Hours: Open 7 a.m. to midnight Mondays through Thursdays, 7 a.m. to 2 a.m. Fridays and Saturdays, 7 a.m. to 11 p.m. Sundays.
Credit Cards: Not accepted.
Reservations: Not necessary.
Prices: Breakfast, $1.55 to $5.50; lunch and dinner, $2.75 to $7.95, most dishes around $3.50.
The Newsroom Cafe is one of the best newsrooms in the city. Magazine browsers crowd the place on Saturday nights, news addicts early in the morning. You come here for the news first, but if you happen to be wandering up Connecticut Avenue around dinner time in search of a newspaper or if you're looking for a magazine and a bite to eat after a movie, there's food to satisfy.
Inside, you can eat at the long wooden counter or the cafe upstairs. Or you can order from the outdoor cafe, which seems to attract the most people. It's a Left Bankish kind of place where you go for three cups of strong coffee and discussion. The inside looks surprisingly like California, complete with framed front pages--one from the day Richard Nixon resigned.
The menu at The Newsroom Cafe is fashioned after a tabloid on newsprint with the inevitable menu titles: Sundae Journal and Fruit Times salad, with a Caspian Fantasy and Nude Tuna Salad thrown in. The selections are simple international fare: quiche from Europe, falafel from the Middle East, empanadas from Latin America and the Caribbean and tuna salad from the United States. Much of the food is imported to the Newsroom: the cakes from Ms. Desserts, the empanadas from a Maryland company, the ice cream from Hershey's.
The beer selection is quite good. The list is not meant to compete with the Brickskellar, for instance, but at 33 beers from 24 countries, there is a fine sampling with commendable choices.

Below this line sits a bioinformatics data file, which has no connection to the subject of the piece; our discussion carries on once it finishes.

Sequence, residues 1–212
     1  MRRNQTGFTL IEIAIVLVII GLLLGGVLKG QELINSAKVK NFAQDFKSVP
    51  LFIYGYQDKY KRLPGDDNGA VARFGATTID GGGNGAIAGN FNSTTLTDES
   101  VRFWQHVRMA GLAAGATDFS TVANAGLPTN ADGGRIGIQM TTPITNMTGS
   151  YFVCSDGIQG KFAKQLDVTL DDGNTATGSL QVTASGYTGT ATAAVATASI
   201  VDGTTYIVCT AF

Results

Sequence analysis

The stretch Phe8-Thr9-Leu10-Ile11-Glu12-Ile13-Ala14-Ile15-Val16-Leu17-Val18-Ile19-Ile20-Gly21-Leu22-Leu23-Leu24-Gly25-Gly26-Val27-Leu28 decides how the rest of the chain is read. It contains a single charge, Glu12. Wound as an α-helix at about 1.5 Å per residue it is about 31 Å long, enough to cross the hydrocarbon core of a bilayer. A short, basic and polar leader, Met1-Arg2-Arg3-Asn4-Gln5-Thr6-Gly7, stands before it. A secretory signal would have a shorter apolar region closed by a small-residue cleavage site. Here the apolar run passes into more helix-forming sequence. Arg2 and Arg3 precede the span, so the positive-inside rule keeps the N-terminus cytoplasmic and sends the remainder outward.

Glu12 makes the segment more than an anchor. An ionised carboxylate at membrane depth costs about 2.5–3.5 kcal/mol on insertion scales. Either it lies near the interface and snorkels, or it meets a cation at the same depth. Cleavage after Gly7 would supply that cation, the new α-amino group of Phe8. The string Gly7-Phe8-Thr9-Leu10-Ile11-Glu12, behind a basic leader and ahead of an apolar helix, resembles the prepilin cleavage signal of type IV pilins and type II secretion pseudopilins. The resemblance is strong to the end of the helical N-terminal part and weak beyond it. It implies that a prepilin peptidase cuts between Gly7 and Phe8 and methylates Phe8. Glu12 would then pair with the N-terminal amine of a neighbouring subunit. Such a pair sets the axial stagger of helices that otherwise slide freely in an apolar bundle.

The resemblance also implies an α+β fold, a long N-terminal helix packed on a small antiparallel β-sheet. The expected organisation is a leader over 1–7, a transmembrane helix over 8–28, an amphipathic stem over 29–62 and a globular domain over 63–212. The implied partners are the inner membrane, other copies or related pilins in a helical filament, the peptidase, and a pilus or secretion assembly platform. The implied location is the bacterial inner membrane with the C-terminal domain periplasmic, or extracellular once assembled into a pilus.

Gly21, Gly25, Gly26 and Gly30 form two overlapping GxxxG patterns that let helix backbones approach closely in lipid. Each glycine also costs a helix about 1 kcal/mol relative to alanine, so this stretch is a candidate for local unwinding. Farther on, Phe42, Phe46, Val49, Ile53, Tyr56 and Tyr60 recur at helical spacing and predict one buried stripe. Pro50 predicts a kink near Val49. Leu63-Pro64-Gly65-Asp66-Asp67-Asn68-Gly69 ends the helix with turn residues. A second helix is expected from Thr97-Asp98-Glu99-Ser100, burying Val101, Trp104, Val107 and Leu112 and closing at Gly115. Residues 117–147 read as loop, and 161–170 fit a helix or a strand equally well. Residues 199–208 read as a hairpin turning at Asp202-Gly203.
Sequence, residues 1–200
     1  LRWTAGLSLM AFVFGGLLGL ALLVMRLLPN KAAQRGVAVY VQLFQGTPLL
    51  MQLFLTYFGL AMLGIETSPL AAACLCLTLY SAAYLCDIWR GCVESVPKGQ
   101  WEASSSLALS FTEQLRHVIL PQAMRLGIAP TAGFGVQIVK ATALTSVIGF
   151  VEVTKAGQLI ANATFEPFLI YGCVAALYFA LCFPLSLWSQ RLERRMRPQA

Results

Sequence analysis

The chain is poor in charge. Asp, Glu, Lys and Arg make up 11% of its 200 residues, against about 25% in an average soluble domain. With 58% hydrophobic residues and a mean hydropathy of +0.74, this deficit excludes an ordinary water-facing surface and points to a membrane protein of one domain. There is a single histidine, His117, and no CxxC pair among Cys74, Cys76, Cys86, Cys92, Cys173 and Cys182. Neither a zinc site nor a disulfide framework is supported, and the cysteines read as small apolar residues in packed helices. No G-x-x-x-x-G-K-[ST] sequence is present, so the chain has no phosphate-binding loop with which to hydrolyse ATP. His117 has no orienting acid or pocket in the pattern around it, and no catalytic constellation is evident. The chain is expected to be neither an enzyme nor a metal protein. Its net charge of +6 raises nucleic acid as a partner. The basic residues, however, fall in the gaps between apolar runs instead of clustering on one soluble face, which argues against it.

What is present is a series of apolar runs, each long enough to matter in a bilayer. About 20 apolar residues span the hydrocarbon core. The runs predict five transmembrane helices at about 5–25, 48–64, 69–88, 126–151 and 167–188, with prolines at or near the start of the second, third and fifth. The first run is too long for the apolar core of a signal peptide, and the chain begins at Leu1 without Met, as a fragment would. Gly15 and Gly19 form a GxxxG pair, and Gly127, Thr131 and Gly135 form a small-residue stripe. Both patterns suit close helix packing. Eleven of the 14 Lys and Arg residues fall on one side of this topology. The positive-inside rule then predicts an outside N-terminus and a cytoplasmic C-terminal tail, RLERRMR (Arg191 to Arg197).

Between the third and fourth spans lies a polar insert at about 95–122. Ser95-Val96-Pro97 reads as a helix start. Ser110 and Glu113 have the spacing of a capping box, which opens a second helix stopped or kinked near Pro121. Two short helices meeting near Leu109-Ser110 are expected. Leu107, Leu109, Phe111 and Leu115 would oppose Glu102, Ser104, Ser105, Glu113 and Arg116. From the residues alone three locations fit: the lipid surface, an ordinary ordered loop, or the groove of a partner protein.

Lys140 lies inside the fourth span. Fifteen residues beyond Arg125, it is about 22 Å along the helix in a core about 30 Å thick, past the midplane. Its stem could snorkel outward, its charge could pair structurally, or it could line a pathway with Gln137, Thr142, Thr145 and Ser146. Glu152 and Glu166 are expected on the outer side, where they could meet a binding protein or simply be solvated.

Breakfast is limited to Belgian waffles with various toppings (a plain waffle with butter and syrup is not objectionable but boring), decent scrambled eggs, bagels that they won't toast (lots of oozy cream cheese, though), croissants and muffins. The orange juice and grapefruit juice are freshly squeezed.
This is not a place to go when you want a full breakfast; rather it is a stool or a chair, a newspaper and enough coffee to get you through the stock market quotations.
Stick to sandwiches for lunch and dinner. Two dependables are the Daily Lox and the Final Edition. For $3.75, there's a lot of nova on the Daily Lox, and though it's not high quality fish, it gets sufficiently camouflaged by the cream cheese, sprouts, onion and tomato piled high on a bagel. Good deal, good sandwich. The Final Edition--ham, melted swiss and bacon on a croissant--is a taste flash of a similar sandwich at the American Cafe. The Newsroom can be proud of its rendition, for the cheese is spread over an abundant layer of ham and bacon. It is a buttery, smoky amalgam.
Skip the Roast Beef Telegraph, for it's a skimpy collection of flaccid and tasteless meat. The Turkey Tribune sandwich is far better, a soft kaiser roll molded around a mound of finely sliced smoked turkey. The shreds of iceberg lettuce could easily go, for the turkey can stand on its own.
Once outside of U.S. borders, you find unreliable culinary territory. The Jamaican meat pies, Chilean empanadas and Lebanese fatayers (triangles of dough filled with spinach, beef or tomato and cheese) are dried out and doughy, with meager fillings. These skimpy portions are more appropriate as a snack.
Seafood empanadas have the best dough, flaky and light, and although you cannot pinpoint shrimp or scallop, the empanadas are tasty. A mini falafel (sample from the World Platter) is a rubbery version of the spicy chickpea burger.
Garnishes are tabulleh or yogurt dips in tiny cups that can be used on sandwiches or chips. They are thoughtful additions but not great.
The Newsroom Cafe won't make it onto the front page, but it is a good enough filler.